The Cosumnes River is important in the state as the only Sierra river that flows with no major dams or diversions
from its headwaters to the Valley floor. It’s often studied as a “reference river” to compare river conditions with rivers like the Mokelumne that have large dam systems in place that alter flows and affect aquatic life. The Cosumnes already goes dry downstream of Plymouth in the summer, and we and other conservation groups are concerned about the potential impacts of greater diversions on the river.
In late July, the Plymouth City Council approved a long-term agreement with the Shenandoah Management Company LLC that gives the company the right to market water from the Cosumnes River and tributary streams that is conveyed to Plymouth through the Arroyo Ditch. Proceeds from the sale of water would be split 50-50 with the city.
The agreement obligates the LLC to maintain and operate the ditch and also to defend any challenges to the city’s claimed pre-1914 water rights to the Cosumnes and its tributaries. As far as we can tell, the city’s claim to the water has never been confirmed by a court. Until that is done, the “right” is only a claim and subject to legal challenge.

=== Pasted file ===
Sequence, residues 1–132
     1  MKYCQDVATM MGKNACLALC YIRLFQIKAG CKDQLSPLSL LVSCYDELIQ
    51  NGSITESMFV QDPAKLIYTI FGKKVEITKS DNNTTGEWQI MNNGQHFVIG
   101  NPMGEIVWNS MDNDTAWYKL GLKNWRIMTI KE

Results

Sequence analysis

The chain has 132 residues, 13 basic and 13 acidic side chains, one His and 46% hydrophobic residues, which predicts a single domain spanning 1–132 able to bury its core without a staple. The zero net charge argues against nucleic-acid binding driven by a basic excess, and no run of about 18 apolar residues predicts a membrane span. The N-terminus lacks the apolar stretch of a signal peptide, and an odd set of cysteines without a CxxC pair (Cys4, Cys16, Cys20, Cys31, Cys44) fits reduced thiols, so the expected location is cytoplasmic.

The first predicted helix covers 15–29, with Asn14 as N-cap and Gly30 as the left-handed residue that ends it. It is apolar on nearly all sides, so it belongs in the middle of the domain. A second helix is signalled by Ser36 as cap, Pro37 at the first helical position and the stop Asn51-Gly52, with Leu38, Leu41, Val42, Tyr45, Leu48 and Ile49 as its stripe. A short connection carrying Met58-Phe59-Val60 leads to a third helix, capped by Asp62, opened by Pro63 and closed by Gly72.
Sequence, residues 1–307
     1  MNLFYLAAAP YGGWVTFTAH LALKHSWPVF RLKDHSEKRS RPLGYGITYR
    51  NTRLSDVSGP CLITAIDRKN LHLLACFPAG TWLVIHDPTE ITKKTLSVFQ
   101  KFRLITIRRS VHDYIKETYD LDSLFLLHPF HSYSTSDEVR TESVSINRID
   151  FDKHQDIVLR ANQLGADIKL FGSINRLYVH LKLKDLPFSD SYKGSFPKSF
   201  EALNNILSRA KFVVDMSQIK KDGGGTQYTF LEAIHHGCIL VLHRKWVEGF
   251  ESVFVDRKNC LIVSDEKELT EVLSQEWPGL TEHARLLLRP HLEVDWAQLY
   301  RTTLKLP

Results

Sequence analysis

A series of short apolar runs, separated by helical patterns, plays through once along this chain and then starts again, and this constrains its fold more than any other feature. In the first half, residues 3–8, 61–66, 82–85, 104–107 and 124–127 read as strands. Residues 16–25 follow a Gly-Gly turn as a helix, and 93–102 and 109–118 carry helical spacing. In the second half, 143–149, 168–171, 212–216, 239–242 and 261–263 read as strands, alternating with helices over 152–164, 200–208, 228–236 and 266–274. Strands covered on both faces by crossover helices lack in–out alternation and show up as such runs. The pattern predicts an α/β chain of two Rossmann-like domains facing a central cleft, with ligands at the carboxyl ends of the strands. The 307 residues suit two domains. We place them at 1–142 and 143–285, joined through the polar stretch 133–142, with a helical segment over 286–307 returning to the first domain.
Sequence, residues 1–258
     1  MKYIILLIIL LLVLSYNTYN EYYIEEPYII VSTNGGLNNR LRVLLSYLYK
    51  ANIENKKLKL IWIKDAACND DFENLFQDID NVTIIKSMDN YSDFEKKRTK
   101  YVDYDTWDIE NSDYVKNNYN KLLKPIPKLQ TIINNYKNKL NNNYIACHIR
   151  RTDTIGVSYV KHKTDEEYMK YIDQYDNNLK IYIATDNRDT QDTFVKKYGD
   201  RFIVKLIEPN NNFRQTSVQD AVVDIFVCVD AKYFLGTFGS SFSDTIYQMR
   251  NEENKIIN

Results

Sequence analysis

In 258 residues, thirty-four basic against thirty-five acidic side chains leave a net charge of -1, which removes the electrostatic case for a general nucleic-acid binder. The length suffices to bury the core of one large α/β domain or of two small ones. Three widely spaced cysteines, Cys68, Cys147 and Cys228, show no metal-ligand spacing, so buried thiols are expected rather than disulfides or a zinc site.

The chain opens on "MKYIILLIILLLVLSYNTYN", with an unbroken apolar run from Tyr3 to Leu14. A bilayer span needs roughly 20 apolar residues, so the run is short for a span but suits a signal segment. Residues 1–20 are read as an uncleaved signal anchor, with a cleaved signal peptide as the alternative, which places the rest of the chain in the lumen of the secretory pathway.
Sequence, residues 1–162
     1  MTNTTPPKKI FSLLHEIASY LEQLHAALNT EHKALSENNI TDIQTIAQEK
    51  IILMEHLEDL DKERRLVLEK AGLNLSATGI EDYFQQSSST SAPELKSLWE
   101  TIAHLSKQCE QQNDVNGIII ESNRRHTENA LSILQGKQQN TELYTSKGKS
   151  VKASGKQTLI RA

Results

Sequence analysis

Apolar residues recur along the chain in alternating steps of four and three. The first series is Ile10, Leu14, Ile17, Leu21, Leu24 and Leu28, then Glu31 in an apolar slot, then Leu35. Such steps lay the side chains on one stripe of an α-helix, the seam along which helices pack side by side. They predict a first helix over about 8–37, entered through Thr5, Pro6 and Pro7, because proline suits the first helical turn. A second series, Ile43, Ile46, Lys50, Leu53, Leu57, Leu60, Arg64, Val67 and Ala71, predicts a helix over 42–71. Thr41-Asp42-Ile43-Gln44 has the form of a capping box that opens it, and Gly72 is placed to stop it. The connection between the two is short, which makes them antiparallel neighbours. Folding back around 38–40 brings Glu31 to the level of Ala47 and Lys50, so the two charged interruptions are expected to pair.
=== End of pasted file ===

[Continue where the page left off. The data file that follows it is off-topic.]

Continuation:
In an interesting twist, the city had not signed the agreement a few days after the council approval, and may not yet have done so. The LLC canceled its state registration in 2011. While the principals claim that they are going to revive the LLC, as of mid-August there was no evidence of that on the Secretary of State’s website.
We are working with local landowners, conservation organizations and others to follow the progress of this agreement and further research Plymouth’s claimed water right.